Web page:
“American politics has often been an arena for angry minds,” Columbia University historian Richard Hofstadter wrote in a famous Harper’s essay in 1964.
Hofstadter, who won two Pulitzer Prizes for his work, entitled his essay “The Paranoid Style of American Politics,” and in that essay he traced the long arc of “heated exaggeration, suspiciousness, and conspiratorial fantasy” that he contended is a reoccurring theme in the country’s history.
The essay, easily found online, is worth reading in the context of, oh, the state legislature in Idaho coming within one vote of defunding the most popular public television system in the country because one legislator had been listening and recorded “a full page of concerning language.”
Or in light of a legislative decision to forgo a $6 million federal grant to facilitate early childhood education because the money – this grant was authorized during the Trump Administration – would facilitate “indoctrinating our children at a younger level.” One lawmaker said it was really bad news that the whole sordid mess was full of the obviously questionable concept of “social justice.”
Many people are saying that certain notable figures – think Jesus, Gandhi, Dr. King, Pope Francis – would be shocked to learn that discussing “social justice” is now controversial.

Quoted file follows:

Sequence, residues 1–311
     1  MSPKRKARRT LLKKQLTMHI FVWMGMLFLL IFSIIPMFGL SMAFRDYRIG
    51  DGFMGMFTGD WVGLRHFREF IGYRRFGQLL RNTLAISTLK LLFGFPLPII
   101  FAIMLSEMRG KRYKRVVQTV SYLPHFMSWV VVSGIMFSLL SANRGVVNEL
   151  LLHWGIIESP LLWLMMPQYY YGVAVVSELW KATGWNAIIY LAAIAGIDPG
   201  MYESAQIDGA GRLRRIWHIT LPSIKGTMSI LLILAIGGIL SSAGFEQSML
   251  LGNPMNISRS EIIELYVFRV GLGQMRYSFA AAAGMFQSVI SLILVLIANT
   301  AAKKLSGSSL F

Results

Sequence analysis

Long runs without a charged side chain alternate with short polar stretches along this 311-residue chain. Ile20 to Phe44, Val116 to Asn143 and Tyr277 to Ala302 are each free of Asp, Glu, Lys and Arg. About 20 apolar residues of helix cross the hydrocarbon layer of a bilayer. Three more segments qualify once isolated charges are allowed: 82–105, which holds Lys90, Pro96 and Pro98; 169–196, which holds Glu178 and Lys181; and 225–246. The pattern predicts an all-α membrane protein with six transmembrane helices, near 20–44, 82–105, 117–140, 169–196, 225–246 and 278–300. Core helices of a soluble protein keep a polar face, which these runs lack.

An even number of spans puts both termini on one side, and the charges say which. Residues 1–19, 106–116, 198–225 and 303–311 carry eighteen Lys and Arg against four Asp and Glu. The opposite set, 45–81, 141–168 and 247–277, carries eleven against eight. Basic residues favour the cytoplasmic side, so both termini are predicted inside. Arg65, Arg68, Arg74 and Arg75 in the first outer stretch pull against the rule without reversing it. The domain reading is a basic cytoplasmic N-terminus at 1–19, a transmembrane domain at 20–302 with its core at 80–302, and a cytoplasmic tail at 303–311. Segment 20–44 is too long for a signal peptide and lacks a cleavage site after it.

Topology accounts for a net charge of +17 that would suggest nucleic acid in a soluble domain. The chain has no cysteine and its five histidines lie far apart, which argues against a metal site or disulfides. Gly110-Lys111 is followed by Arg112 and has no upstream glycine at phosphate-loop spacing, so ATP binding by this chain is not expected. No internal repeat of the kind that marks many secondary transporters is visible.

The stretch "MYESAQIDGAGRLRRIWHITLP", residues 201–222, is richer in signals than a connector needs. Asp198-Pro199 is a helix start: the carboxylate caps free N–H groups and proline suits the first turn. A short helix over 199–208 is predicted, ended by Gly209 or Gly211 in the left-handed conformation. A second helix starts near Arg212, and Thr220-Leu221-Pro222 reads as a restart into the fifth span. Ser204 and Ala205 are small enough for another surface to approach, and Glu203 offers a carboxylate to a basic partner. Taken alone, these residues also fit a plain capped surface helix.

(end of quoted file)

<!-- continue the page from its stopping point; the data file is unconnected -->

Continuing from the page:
Or consider the bright lights of the Iowa legislature – what is it with the “I” states – who are considering placing new restrictions on public schools and universities “related to staff or student training dealing with racism, sexism and discrimination.” Similar moves have traction in Idaho and other conservative states.
Elsewhere under the golden dome of the Iowa statehouse, conservative legislators grilled a local school superintendent recently over her district’s Black Lives Matter curriculum, developed in part, the school official said, to “address incidents of bullying, lower graduation rates and higher disciplinary rates of students of color.” Imagine a local educator being concerned about her students in such a way?
Another Iowa legislator admitted his bright idea, he wants to have the Iowa attorney general review presidential executive orders before they became effective in his state, was clearly unconstitutional, but he still felt compelled to make his point. He did, but the point made was just a little different than he intended.
At the same time back in Idaho a gang of some of the most fevered right-wingers want to strip the Republican attorney general of much of his authority to legally represent state agencies. They don’t like the way the AG reads the law. Idaho’s chief lawyer was one of the few Republicans chief legal officers unwilling to countenance the frivolous post-election lawsuit out of Texas seeking to overturn the presidential election. You will remember that lawsuit died faster than a mayfly, but apparently embracing crazy legal theories and spending tax dollars to advance them is a new conservative value. And calling BS on such things is apparently a defunding offense.